Hong Kong’s Hang Seng Index (HK50) has been massively underperforming China’s Shanghai Index (SSEC) since January 2019, as shown on the following monthly charts.
In fact, the HK50 broke below the bottom of its Andrew’s Pitchfork channel in March this year, as the COVID-19 pandemic spread around the world from Wuhan, China and caused hundreds of thousands of deaths and untold catastrophic global economic destruction.
Such a channel break usually signals a shift in trend and sentiment from bullish to bearish. In fact, that has already occurred with the formation of lower highs and lows on this monthly timeframe. As well, the Balance of Power has, once again, turned negative.
No doubt, Hong Kong’s markets will experience increased trauma, because Beijing announced this past week that they are introducing new national security laws aimed at limiting the rights of Hong Kong’s citizens, in violation of the 50-year agreement made between the United Kingdom and China in 1977.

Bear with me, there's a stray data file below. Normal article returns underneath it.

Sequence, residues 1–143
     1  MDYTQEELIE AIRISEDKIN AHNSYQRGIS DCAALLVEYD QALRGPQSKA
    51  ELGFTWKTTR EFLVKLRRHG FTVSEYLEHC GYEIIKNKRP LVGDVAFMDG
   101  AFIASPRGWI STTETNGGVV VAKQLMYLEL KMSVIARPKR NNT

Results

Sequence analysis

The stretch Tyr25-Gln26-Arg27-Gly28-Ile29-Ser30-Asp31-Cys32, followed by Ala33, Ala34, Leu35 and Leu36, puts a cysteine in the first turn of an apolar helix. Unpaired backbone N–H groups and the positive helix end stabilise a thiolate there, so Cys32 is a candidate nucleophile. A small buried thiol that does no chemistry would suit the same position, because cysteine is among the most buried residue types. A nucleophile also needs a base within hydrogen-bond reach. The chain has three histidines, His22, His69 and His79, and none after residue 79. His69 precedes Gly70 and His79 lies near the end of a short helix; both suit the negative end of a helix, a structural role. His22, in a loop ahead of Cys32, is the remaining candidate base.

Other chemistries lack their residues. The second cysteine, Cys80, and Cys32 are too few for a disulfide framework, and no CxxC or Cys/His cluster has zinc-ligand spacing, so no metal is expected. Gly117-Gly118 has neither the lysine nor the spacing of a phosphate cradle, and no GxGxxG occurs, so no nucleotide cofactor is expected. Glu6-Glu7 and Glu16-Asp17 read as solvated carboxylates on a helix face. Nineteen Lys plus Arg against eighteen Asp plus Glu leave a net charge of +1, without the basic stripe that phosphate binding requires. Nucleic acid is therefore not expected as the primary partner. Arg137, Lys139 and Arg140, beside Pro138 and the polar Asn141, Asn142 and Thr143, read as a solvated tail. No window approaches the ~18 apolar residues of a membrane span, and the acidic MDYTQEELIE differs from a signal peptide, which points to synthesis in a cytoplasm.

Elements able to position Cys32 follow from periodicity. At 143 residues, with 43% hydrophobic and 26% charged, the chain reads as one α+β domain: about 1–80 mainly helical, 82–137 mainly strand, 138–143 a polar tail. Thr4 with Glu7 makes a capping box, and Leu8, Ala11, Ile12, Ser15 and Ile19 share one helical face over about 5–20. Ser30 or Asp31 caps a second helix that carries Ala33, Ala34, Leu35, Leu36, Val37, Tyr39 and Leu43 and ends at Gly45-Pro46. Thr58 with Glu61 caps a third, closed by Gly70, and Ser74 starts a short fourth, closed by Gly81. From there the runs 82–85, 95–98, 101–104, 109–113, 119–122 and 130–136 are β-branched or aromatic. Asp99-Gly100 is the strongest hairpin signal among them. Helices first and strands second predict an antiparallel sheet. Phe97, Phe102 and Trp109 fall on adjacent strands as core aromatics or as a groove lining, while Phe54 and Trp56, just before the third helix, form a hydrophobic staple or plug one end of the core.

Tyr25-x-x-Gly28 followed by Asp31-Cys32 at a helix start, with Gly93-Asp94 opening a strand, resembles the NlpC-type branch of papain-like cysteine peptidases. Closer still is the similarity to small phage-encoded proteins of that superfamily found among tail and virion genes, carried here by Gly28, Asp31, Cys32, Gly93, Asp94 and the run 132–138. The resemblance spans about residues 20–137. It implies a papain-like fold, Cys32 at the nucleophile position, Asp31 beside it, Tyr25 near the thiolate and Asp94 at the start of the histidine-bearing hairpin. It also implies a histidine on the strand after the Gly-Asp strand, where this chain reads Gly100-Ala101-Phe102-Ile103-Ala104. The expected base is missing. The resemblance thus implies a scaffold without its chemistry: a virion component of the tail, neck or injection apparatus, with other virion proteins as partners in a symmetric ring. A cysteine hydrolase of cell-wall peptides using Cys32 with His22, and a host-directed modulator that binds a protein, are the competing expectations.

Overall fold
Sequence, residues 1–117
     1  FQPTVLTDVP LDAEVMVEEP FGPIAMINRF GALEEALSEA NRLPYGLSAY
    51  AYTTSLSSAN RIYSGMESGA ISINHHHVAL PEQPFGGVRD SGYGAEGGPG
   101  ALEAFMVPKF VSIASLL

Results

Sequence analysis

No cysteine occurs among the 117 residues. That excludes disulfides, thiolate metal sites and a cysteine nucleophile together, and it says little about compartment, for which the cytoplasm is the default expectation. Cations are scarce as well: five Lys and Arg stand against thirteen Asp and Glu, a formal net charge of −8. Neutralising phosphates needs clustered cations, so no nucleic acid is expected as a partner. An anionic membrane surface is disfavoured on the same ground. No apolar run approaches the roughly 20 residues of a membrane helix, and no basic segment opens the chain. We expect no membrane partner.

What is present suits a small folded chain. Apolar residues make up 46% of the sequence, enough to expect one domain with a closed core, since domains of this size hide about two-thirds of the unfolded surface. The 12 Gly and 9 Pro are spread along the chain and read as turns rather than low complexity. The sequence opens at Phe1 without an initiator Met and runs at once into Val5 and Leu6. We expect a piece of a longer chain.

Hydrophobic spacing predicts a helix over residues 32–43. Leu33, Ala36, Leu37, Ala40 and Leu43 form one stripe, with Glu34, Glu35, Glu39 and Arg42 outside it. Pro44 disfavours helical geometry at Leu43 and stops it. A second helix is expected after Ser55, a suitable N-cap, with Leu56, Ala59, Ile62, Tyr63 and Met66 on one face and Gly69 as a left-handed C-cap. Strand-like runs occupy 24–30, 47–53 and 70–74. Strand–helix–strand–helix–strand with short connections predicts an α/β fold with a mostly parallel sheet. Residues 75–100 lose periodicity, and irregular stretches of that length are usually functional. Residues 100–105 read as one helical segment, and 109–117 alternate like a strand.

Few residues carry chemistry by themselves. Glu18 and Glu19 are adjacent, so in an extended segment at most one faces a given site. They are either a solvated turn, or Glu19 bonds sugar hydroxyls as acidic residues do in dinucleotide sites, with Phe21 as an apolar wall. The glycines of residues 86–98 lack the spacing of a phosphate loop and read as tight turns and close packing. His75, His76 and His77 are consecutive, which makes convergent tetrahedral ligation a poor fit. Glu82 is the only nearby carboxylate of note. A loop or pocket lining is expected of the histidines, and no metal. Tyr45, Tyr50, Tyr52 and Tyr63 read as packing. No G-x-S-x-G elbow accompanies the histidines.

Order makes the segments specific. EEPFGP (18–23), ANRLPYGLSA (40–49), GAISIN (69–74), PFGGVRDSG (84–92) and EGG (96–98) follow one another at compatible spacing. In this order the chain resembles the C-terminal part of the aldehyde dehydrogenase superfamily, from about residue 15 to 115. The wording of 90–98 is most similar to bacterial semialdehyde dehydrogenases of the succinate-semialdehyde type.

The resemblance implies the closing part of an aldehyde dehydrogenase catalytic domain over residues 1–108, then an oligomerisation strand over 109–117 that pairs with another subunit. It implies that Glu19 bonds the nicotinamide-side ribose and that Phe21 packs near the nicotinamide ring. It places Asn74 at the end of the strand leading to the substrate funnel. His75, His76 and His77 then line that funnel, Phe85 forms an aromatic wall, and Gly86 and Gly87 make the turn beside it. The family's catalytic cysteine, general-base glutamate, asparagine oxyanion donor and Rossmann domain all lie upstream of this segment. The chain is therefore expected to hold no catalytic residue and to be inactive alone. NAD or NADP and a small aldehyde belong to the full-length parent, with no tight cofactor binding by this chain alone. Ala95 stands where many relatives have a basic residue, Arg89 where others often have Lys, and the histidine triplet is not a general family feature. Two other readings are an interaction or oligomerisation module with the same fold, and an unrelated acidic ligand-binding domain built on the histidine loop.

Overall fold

Furthermore, I wouldn’t look for China to ramp up its global economic expansion anytime soon, as it turns its focus inward to service domestic markets. China’s GDP contracted by 6.8% in Q1 2020, and Beijing, unusually, refused to provide a forecast/target for the remainder of the year.
I expect that these above-referenced headwinds and escalating global tensions with China will, ultimately, negatively impact the SSEC, not only from an economic and political perspective, but also from a technical viewpoint, inasmuch as it’s already in downtrend and the Balance of Power is currently under bearish control on this longer-term timeframe.
In this regard, watch for a break and hold below the last swing low on the SSEC at 2440.91 for confirmation of increasing weakness…which will likely drag the HK50 further down, as well.
Major support lies at 17500 for the HK50 and 2000 for the SSEC.